Calls for ammunition

When Britain withdrew troops in 1870, the self-governing Australian colonies assumed responsibility for their own defence. Under the new arrangement, pressure grew for the local manufacture of ammunition and other ordnance.

Victoria took the lead by encouraging private enterprise to establish Australia’s first ammunition plant, with the additional promise that all Government supplies would be procured from the factory.

In 1888, Captain John Whitney opened the ‘Colonial Ammunition Factory’ on land close to the Saltwater River at Footscray, four miles from Melbourne. Initially, “eight separate buildings were constructed to cover the various stages of the ammunition production,” The Illustrated Australian News reported in November 1890.

Subsequently, other facilities were added across Melbourne’s inner west, including an explosives plant at Maribyrnong for the home-grown supply of propellant. Ownership was transferred to the Defence Department in 1927 and the factory’s importance peaked during the 1940s when it employed many thousands of workers in the production of ammunition and related explosives for World War II.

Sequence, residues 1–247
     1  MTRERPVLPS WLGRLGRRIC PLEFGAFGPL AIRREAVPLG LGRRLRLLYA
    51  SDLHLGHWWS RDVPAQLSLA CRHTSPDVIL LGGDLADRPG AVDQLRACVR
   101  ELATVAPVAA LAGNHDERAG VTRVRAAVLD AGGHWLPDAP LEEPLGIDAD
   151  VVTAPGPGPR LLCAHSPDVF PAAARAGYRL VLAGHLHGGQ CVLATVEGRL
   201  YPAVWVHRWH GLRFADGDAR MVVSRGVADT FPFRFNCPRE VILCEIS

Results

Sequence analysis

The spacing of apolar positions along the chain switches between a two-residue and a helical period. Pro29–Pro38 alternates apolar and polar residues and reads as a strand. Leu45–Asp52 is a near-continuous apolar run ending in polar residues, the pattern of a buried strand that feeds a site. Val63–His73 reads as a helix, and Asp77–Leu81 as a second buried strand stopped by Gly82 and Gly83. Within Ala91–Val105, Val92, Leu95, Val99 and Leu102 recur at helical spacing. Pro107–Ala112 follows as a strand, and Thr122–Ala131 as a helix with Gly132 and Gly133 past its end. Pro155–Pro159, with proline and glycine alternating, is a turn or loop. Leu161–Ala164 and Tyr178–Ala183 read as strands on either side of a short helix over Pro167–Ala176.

Symbolism of the medal design

Michael told us his intention for the centenary medal was to put a positive slant on the manufacture of lethal products, a difficult position both philosophically and artistically.

“Since Australian defence was designed to keep Australia safe from external dangers, my design consists of a map of Australia filled with blooming flowers surrounded by seas consisting entirely of the products made by the factory – shells, bullets, fuses, grenades, etc, of different sizes and types. The symbolism is that the products surround and protect Australia and allow the flowers to grow within it.”

It was designed prior to the Government’s decision to export Australian-made arms and ammunition, a policy he says he regrets.

The medallist – Michael Meszaros

Needless to say, we’re pleased to have a design from such a renowned artist in our collection. Michael studied medal-making in Italy at La Scuola Dell ‘Art Della Medaglia, attached to Rome’s main mint. On his return to Australia, he became a full-time sculptor and medallist, working with his father Andor (1900–1972) in their Kew studio.